Archive: Editorial

monarch place issue

Place and Resilience: Editors’ Introduction

By Chiara D'Amore, Clare Hintz, Cirien Saadeh and Jeremy Solin

Just as place scholarship reaches across and through many disciplines, so this issue ranges widely, including 14 scholarly features as well as media reviews, case studies, photo and poetic essays, and sustainability journeys. Disciplinary lenses include the arts, sociology, philosophy, natural resource management, sports science, and archaeology, among others.

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On the Future of Hope

By Douglas Dupler

Abstract: The concept of hope is rich in context, and working with it from different angles can enhance inner resources. Framing hope as a process offers tools for sustainability educators: subjective exploration, empathy development, critical thinking, and civic engagement.

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Sustainability Programming is an Ethical Obligation for Higher Education in the Environmental Century

By Stephen Mulkey

Abstract: Development of a sustainable relationship with our natural resources is an imperative for any meaningful quality of life as climate change poses the ultimate test of our adaptability as a species. The consequences of failing to respond will be catastrophic and irrevocable over a millennial time scale. During the environmental century, higher education has an ethical imperative to provide the foundation of a sustainable civilization. Higher education is broadly failing to meet this mandate. Most existing programs in environmental and sustainability science and studies provide inadequate training and lack budgetary autonomy equivalent to established academic units. Although many universities define sustainability through operational activities, the primary purpose of higher education is not operational sustainability — it is teaching, learning, scholarship, and outreach. Developing the capacity for proactive adaptation will require us to examine how we conduct teaching and research across the spectrum of higher education institutions. Education and research for proactive adaptation to rapid ecological change affecting human and natural systems is necessary if we are to produce holistic managers to conserve our natural heritage. All undergraduates should acquire basic ecological and sustainability literacy. Teaching, learning, and scholarship for sustainability must become the highest priority in higher education. Collectively, faculty have the power to implement these reforms.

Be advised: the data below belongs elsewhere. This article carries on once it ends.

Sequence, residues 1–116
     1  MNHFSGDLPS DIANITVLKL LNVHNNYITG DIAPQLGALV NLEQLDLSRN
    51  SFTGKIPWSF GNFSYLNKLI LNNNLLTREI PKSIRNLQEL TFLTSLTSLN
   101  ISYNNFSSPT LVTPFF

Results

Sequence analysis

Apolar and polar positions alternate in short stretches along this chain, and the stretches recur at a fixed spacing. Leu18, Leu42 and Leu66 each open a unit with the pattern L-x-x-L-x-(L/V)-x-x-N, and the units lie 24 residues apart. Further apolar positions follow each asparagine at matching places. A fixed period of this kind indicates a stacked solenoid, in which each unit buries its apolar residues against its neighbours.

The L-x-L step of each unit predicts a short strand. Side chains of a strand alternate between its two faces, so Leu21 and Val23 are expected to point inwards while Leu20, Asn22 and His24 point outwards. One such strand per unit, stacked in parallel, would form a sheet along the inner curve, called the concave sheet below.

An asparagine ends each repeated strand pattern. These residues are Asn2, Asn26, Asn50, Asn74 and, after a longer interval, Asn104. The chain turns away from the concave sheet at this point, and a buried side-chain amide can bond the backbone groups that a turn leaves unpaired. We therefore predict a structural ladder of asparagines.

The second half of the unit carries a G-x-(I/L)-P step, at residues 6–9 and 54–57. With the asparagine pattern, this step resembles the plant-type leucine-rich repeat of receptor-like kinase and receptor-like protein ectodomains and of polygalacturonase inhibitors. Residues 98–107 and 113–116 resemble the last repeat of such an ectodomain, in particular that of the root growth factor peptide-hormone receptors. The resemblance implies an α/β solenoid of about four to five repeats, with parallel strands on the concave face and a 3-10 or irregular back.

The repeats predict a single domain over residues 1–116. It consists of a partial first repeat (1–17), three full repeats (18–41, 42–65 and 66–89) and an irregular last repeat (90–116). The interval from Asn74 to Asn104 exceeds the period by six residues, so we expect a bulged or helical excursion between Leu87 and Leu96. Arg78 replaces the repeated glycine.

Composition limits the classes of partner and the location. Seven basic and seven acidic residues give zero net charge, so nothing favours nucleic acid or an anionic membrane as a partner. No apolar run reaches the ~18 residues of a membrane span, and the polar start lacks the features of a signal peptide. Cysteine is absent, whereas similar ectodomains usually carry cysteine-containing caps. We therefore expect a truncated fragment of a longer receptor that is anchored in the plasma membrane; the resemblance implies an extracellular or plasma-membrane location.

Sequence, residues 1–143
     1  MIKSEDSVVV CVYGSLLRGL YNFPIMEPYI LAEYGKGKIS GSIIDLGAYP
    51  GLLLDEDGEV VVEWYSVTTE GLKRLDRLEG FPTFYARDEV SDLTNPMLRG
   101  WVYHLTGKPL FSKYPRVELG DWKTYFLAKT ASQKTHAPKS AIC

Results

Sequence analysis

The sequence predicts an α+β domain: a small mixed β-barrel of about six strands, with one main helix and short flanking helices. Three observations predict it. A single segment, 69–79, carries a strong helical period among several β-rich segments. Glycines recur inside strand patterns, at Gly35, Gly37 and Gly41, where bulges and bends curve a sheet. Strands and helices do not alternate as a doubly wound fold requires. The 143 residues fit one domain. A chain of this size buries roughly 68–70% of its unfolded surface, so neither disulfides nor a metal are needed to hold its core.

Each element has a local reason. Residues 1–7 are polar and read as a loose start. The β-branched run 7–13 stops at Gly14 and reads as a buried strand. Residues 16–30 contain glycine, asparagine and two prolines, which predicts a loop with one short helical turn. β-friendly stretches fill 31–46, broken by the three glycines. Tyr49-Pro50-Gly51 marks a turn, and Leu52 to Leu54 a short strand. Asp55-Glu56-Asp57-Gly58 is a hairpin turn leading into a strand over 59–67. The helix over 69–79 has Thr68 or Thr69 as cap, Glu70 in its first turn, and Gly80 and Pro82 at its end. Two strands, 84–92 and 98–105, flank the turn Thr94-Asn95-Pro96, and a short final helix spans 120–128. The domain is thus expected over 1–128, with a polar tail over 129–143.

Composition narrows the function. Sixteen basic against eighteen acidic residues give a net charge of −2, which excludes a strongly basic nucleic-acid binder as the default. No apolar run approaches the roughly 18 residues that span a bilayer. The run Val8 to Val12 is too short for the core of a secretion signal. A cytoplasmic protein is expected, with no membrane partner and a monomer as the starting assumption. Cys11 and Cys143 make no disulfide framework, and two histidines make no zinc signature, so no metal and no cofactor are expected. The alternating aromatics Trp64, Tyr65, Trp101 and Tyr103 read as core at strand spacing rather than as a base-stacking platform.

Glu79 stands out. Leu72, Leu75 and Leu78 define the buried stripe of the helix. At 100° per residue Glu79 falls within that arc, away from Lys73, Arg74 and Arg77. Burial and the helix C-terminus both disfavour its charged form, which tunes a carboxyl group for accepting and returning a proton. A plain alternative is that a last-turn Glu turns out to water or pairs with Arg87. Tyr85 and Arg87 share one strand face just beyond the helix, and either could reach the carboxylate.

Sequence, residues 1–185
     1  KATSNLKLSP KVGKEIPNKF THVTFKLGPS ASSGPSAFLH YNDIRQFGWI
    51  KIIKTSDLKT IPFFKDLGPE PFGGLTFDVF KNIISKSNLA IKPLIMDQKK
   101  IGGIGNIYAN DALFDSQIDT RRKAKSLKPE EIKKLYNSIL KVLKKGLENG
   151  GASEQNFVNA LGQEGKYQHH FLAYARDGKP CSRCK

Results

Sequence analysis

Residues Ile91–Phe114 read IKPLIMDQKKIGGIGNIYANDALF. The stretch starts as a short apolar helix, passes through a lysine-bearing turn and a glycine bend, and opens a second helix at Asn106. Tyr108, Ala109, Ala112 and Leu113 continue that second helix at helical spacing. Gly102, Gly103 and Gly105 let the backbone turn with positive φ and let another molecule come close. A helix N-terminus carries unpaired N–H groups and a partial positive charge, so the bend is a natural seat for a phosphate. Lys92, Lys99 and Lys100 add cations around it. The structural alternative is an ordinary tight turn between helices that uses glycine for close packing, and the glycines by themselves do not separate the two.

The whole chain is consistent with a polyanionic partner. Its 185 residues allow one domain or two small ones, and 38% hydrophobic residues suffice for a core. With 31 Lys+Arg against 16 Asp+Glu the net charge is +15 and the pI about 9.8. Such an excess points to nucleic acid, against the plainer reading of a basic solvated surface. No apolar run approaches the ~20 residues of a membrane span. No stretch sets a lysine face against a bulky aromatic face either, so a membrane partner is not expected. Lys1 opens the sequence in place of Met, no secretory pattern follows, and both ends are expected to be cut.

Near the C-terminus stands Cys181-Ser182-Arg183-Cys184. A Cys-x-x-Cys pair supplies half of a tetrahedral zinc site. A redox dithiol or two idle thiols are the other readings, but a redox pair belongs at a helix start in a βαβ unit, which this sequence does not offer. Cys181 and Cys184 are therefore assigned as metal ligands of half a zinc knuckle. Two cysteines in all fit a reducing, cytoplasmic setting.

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Hope … in a Hopeless World?

By Randall Amster

Abstract: Writing an essay about hope in these times feels like an indulgence of privilege. Still, with full awareness of the implications, I want to insist that we not lose hope, that we make it meaningful, and that we go so far as to make its cultivation a central focus of our lives and work. This essay is intended to serve as a calling card for like-minded inquirers to reach out across time and space, to find ourselves and one another in the engaged optimism of meaningful work in the world, and as an acknowledgment of appreciation for all of those who do so.

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Photo Credit: Clare Hintz

Love, Not Loss

By Cheryl Charles

Table of Contents: JSE March 2015 — Sustainability: What’s Love Got to Do with It? PDF: Charles JSE March 2015 Love Issue There is a terrible challenge facing all of us who worry about the future of the Earth, and its inhabitants—human, domesticated and wild. That includes all of its living ecological inhabitants, and the […]

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Love as a Great Transition Story

By Duane Elgin

The stories we tell shape our view of ourselves and the path we take through this time of collective awakening and global turning. We have the ability to consciously choose narratives that offer realistic beacons of hope to guide our way through the Great Transition. To achieve authentic and lasting reconciliation as the foundation for our future, we require the power of love and compassion as a practical basis for organizing human affairs.